So how many of the images cluttering up my brain are someone else’s creation, like the scene in the second Jason Bourne movie when he jumps from a rooftop and crashes through a window on the other side of the street and the camera follows right behind him? That was so cool but it wasn’t me doing the jumping, it was like 100 stunt people and movie technicians.

Which finally got us to thinking about the kitchen we were having our breakfast in. A kitchen that in 1888 when our house was built, or in 1910, or 1940, a farmer would come in for breakfast and every other meal, exhausted, or his wife would work in the kitchen, until they collapsed after dinner, most likely without the income to afford or the energy to read a book.

All of their memories were theirs. All their experiences were their own. As they sat and reflected on their life, it would be a recollection of only images and experiences that they had actually participated in.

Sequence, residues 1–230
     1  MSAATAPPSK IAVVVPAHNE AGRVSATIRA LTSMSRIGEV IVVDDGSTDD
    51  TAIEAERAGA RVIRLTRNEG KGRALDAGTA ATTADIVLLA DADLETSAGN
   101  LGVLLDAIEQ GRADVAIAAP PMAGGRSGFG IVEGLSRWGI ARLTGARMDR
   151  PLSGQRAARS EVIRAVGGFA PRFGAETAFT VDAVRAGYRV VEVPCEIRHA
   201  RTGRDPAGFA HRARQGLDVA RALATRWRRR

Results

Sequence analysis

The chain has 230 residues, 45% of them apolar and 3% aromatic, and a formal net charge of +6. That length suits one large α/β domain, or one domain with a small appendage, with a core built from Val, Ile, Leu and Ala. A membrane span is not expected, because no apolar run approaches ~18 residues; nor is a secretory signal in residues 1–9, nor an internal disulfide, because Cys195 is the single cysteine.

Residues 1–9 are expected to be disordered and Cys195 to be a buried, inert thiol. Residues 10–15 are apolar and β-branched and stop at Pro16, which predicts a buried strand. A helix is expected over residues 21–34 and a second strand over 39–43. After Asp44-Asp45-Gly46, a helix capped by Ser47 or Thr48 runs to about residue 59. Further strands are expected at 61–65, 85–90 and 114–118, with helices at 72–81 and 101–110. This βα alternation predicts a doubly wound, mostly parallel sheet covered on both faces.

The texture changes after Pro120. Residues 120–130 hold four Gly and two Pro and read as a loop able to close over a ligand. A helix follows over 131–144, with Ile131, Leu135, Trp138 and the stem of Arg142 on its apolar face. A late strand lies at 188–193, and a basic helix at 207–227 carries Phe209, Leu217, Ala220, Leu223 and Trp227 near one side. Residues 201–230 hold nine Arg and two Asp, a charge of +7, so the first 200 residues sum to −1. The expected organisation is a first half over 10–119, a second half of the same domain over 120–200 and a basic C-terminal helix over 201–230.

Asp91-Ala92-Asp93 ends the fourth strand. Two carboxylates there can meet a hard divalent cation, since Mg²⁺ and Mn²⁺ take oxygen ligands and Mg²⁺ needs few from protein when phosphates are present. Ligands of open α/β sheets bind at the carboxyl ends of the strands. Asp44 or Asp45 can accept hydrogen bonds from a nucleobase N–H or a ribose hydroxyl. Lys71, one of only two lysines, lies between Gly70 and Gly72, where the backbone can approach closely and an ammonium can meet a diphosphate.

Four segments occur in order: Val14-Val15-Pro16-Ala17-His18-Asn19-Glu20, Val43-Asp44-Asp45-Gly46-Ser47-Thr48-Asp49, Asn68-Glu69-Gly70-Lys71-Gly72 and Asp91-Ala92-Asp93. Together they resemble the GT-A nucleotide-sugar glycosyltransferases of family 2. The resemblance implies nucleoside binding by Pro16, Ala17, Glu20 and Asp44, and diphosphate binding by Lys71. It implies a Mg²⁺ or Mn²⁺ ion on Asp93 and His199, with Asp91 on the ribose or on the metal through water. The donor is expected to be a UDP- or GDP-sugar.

It’s a very cool distinction. I created many vivid images over the years reading about Ayn Rand’s Henry Reardon or Margaret Atwood’s Grace Marks from ‘Alias Grace.’ I didn’t even see visual images of these people but somehow, they occupy my brain.

If the concept is accurate of this death myth/image of our lifetime passing before us as we prepare to cross over to the other side, I think the 1888 brain would offer a much more legitimate experience. Mine, while populated by a billion hours (into my teens) spent playing with Lego and Meccano, jumping off roofs in homes being built in my subdivision and staying out way too late to overfill a pillow case on Halloween could very likely be cluttered and corrupted with all these other images that I didn’t experience myself.

It would be great if you could get a filter to ensure that all your experiential memories were your own. I’m sure there’s ‘an app for that” on your Smartphone! Oh, and that latest episode of Game of Thrones you’ve been wanting to watch …

2 Responses to “My 1888 Brain”

  • Reyn:

    You read Ayn Rand’s … books … and you run for the Greens in local politics? It’s good to know that her propaganda didn’t work on some people – we know a couple of very committed Objectivists, and it acts to me like an extreme religion – they can’t even really hear other points of view. I’m glad that didn’t happen to you – as I enjoy reading your blog posts.